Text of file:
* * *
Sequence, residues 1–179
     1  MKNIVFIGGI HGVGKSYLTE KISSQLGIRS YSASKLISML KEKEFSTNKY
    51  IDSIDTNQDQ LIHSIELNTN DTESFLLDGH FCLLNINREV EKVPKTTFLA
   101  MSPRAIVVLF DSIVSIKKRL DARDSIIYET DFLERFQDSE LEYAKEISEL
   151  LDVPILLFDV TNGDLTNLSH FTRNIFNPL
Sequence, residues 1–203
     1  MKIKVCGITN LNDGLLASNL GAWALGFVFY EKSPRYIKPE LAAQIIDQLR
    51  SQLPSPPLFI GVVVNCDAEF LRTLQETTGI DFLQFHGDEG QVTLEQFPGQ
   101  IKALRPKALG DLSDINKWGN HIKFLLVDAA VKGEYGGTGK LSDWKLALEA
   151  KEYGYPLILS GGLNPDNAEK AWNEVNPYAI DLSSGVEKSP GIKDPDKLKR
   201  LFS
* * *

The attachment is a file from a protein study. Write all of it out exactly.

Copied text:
Sequence, residues 1–179
     1  MKNIVFIGGI HGVGKSYLTE KISSQLGIRS YSASKLISML KEKEFSTNKY
    51  IDSIDTNQDQ LIHSIELNTN DTESFLLDGH FCLLNINREV EKVPKTTFLA
   101  MSPRAIVVLF DSIVSIKKRL DARDSIIYET DFLERFQDSE LEYAKEISEL
   151  LDVPILLFDV TNGDLTNLSH FTRNIFNPL
Sequence, residues 1–203
     1  MKIKVCGITN LNDGLLASNL GAWALGFVFY EKSPRYIKPE LAAQIIDQLR
    51  SQLPSPPLFI GVVVNCDAEF LRTLQETTGI DFLQFHGDEG QVTLEQFPGQ
   101  IKALRPKALG DLSDINKWGN HIKFLLVDAA VKGEYGGTGK LSDWKLALEA
   151  KEYGYPLILS GGLNPDNAEK AWNEVNPYAI DLSSGVEKSP GIKDPDKLKR
   201  LFS